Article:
Reviewed by Sharon Utakis, Bronx Community College, CUNY
Language and identities comprises a broad survey of the relationship between ‘different levels of our linguistic behavior and diverse facets of our identities’ (1). It is divided into an introduction and four sections, with a total of twenty-two chapters that vary in length, detail, and specificity of topic. Sections are arranged so that the categories of identity discussed are increasingly abstract, moving from individuals, to groups and communities, to regions and nations.
Part 1, ‘Theoretical issues’, contains three chapters by prominent language researchers. These are the most dense and abstract chapters of the book. John E. Joseph’s chapter gives an overview of the study of identity within linguistics and adjacent fields, Mary Bucholtz and Kira Hall summarize a framework for an analysis of identity within linguistic interaction, and Barbara Johnstone focuses on indexicality and how relationships between linguistic forms and identity emerge.
Part 2, ‘Individuals’, includes chapters by Jane Stuart-Smith and Claire Timmins, David Bowie, Nick Miller, Dominic Watt, and Anders Eriksson. This section is the least cohesive, with chapters on the adoption of sound changes, voice changes over the lifetime, foreign accent syndrome, speaker identification, and forensic speech science. Most of the chapters deal with the perception of speakers’ identities. Many are inconclusive but advocate for further study in these research areas.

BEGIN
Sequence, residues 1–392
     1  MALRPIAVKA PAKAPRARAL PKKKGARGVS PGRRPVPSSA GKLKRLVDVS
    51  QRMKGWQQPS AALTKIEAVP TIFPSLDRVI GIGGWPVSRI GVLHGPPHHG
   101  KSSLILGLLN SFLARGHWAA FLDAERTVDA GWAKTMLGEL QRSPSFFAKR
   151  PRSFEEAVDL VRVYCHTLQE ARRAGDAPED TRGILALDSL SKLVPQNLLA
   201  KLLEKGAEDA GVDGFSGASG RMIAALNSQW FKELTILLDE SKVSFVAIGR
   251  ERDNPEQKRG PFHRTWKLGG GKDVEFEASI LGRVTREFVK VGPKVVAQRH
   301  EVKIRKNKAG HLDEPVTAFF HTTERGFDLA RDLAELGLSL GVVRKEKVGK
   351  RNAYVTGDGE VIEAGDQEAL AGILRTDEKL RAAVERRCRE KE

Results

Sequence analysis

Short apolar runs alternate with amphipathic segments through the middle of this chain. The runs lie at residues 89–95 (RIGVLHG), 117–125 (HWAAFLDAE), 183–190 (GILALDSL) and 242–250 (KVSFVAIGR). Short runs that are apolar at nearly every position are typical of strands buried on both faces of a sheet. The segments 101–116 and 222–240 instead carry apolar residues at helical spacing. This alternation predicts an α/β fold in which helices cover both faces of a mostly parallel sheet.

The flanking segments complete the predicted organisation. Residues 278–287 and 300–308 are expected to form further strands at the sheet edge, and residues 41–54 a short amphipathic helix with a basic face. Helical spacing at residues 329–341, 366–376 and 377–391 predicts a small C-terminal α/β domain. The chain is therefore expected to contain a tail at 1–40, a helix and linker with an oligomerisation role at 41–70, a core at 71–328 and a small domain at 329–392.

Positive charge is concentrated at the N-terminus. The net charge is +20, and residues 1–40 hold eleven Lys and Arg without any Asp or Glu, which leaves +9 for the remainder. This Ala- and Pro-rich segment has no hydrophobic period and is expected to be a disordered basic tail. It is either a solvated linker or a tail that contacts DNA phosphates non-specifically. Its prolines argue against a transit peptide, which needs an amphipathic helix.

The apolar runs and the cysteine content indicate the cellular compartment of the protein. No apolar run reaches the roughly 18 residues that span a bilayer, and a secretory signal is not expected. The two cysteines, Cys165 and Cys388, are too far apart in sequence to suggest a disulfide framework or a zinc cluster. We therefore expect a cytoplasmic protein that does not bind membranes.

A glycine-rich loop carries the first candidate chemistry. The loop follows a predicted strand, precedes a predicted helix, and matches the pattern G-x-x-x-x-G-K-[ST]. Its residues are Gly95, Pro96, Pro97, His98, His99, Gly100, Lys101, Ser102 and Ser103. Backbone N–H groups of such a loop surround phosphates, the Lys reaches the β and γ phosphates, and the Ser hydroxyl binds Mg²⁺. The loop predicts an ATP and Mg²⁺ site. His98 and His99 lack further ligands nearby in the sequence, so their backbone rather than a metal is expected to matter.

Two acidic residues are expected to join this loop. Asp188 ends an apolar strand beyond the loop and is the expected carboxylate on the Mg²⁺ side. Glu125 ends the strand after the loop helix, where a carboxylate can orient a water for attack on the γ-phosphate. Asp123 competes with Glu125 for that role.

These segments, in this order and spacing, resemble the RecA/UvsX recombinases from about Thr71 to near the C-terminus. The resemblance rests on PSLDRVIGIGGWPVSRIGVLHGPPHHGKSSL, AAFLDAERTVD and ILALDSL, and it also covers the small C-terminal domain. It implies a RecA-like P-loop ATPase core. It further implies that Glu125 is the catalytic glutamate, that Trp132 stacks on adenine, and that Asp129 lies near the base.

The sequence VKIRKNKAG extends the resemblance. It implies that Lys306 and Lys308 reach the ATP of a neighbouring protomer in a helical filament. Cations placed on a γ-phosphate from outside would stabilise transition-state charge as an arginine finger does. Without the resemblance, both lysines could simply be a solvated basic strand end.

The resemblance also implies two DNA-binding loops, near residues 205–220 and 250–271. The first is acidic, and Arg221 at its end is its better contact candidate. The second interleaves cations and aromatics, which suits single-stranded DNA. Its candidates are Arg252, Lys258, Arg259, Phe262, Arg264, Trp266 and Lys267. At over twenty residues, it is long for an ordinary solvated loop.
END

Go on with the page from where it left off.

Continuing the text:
Part 3, ‘Groups and communities’, is the strongest section of the book, with papers by Nikolas Coupland, Norma Mendoza-Denton and Dana Osborne, Emma Moore, Ben Rampton, Sue Fox, Erik R. Thomas and Alicia Beckford Wassink, Lal Zimman and Kira Hall, and Louise Mullany. These chapters problematize identity within a wide variety of groups. In general, the chapters in this section achieve the best balance of data and argumentation in the book, especially those by Coupland and Rampton.
Part 4, ‘Regions and nations’, contains the most traditional sociolinguistic work, with chapters by David Britain, Judy Dyer, Joan Beal, Carmen Llamas, Tope Omoniyi, and Robert McColl Millar. The regions covered in this section are limited: all of the regions discussed are located within the United Kingdom, with the exception of the chapter by Omoniyi, which focuses on postcolonial Nigeria.
On the whole, this book is a useful but uneven collection. In their introduction, the editors state that their goal for this book ‘is to offer firmer foundations for how and where to position identity among the external motivations appealed to in explanations of linguistic variation and change’ (5). Some of the chapters succeed in this goal, but not all. A very brief section at the beginning of each part might have been helpful, in order to make the connections between the papers in each part clearer.